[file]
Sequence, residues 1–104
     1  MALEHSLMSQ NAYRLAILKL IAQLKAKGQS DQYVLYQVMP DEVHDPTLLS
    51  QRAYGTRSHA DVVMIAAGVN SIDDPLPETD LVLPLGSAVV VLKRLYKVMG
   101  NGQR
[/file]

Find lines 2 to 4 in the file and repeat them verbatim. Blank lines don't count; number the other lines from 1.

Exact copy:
     1  MALEHSLMSQ NAYRLAILKL IAQLKAKGQS DQYVLYQVMP DEVHDPTLLS
    51  QRAYGTRSHA DVVMIAAGVN SIDDPLPETD LVLPLGSAVV VLKRLYKVMG
   101  NGQR